Everyone has their kids in cars stories. Parents drive their kids around, listening to their nutty conversations with friends and singing the wrong lyrics to every song on the radio. Here’s mine…
Last week we happened upon a catchy summer tune (in November, mind you) by Nelly. Ride Wit Me debuted in 2004. There aren’t many words to this almost twelve-year-old song but the chorus is shouted numerous times in the background…
“Must Be the Money!”
This goes on for a few bars and I hear my son singing away…
“Bugs Be the Bunny!”
I know this it is nowhere near as funny to read. It was one of those had to be there moments, but one I will always smile about. He is so innocent and his frame of reference, endearing. I am thankful he makes up his own words. There are few songs on the radio these days that I want him to sing along to.
Since the Beatles hit the tarmac, every generation thinks the music that comes after theirs is crap. I’m no different. Except in my case, it happens to be true.
I understand disliking music because of its message, or decibel level. I have never cared for thrash metal but I don’t begrudge those that do. I lived through the 80’s watching Dee Snyder address Capital Hill claiming the PMRC was a form of censorship. It all seemed like a big soap opera to me. I think I was twelve at the time.
I blame 1999 Britney Spears and that damn schoolgirl video for the end of good music as we know it. It was that moment music started its slow death becoming the cleavage competition many female singers succumbed to decades ago. Many have voluntarily given up the true power of their voices for the illusionary power of their bodies. I am talking about mainstream pop music, mind you. I can appreciate a good pop song if the melody is good. I can overlook a few lines about sex and sex and more sex but now in my early forties, trying to raise a boy into a good man, I’m done. I love to dance just as much as the next PTO mama. I admit I have a handful of Pitbull songs on my playlist. Pitbull is a great entertainer and very popular but I can no longer overlook insulting and degrading lyrics for the sake of a good dance beat.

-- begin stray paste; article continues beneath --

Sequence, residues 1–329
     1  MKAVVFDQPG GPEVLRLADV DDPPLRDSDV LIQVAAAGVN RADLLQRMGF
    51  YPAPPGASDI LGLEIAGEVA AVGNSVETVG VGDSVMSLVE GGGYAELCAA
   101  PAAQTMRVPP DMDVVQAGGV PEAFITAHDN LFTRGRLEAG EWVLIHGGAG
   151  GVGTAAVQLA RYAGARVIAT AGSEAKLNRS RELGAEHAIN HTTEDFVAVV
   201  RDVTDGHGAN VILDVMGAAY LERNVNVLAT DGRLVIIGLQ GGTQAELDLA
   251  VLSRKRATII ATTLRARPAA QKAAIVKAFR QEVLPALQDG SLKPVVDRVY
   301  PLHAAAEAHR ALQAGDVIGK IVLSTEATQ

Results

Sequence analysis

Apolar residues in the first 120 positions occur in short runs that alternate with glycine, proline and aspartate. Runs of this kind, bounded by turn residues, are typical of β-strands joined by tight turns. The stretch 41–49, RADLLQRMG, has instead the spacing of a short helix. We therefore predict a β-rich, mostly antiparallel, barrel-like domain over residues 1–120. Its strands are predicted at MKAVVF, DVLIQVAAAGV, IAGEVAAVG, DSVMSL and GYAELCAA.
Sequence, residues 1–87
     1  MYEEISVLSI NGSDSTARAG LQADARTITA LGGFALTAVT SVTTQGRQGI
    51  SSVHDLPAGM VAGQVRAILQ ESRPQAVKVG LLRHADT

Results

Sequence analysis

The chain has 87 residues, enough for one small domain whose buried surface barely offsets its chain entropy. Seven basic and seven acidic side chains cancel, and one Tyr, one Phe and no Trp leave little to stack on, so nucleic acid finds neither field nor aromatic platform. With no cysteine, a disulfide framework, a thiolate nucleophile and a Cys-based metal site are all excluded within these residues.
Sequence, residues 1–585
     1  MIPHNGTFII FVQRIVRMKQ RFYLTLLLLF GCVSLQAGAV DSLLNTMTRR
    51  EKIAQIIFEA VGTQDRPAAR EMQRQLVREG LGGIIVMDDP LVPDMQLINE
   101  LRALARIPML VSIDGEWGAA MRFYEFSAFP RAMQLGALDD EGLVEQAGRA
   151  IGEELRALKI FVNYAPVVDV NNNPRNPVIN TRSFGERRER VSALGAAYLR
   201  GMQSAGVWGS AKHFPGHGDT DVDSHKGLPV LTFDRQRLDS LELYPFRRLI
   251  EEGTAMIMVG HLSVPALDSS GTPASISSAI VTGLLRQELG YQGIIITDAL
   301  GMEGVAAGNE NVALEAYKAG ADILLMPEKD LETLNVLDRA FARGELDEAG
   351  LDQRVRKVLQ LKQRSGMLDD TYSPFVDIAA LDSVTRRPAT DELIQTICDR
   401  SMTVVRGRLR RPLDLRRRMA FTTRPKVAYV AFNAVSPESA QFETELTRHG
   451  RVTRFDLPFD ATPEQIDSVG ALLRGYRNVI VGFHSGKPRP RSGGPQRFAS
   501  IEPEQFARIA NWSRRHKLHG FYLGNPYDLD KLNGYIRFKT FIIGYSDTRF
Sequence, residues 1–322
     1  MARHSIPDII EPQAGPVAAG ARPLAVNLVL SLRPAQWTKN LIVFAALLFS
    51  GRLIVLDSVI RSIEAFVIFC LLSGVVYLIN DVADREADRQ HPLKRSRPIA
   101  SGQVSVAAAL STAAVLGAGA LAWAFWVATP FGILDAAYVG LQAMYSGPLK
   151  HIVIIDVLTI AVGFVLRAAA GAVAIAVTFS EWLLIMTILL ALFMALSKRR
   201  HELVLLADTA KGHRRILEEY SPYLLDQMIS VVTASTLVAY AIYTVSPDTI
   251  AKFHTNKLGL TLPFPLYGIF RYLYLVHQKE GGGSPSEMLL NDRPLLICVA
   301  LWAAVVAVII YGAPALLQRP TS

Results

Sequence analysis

I heard a song the other day and thought, now there’s a good song, I guess music isn’t dead. Turns out, it was Michael Jackson’s Love Never Felt So Good. So music isn’t dead, you just have to be dead to have a good song. That’s harsh. There are a few that I cling to: Adele, you had me at hello…is it any surprise she sold three million copies of her new collection in the first week? People are clamoring for good music. We’ve gone too long without it.
I read the other day that mainstream music is now being recorded at a frequency to facilitate agitation in the human brain. Why, you may ask? The short answer is, it makes money. Email me if you want to discuss the long answer. Now knowing that, I choose to listen to music that makes me feel better about things, not worse.
Kirtan is a genre of music incorporating chanting and mantras of a devotional nature. If you want music that feeds your soul, I urge you to listen to some Jai-Jagdeesh or Sirgun Kuar or please please, Gurunam Singh. The man hits a spot long forgotten in today’s music. I used to get my musical bliss from my first love, Bon Jovi. That love affair’s been going on for thirty years. Jon, will you ever reconcile with Richie??
I get it, music from our impressionable years instantly takes us back to the days when our whole life stretched before us with endless possibility. Yet we only could see a day ahead as far as making plans was concerned. When music is good, it connects us to something greater than ourselves. It connects us to the greater part of ourselves. We may swoon over the person singing the song but it is more than their appearance we are attracted to. We are drawn to the powerful feelings they and their music ignite within us. That is the secret to all attraction. We recognize a part of ourselves that we have forgotten.
Music is a vehicle to connect to our souls. What kind of vehicle do you want to Ride in?